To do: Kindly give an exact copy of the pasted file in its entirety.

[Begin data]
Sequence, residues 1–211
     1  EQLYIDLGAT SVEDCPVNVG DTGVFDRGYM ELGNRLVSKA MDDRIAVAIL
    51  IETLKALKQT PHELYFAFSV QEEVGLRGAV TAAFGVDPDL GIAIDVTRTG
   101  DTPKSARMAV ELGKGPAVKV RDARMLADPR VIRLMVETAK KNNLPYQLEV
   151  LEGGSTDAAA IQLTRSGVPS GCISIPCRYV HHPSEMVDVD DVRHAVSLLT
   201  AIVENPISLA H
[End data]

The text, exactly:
Sequence, residues 1–211
     1  EQLYIDLGAT SVEDCPVNVG DTGVFDRGYM ELGNRLVSKA MDDRIAVAIL
    51  IETLKALKQT PHELYFAFSV QEEVGLRGAV TAAFGVDPDL GIAIDVTRTG
   101  DTPKSARMAV ELGKGPAVKV RDARMLADPR VIRLMVETAK KNNLPYQLEV
   151  LEGGSTDAAA IQLTRSGVPS GCISIPCRYV HHPSEMVDVD DVRHAVSLLT
   201  AIVENPISLA H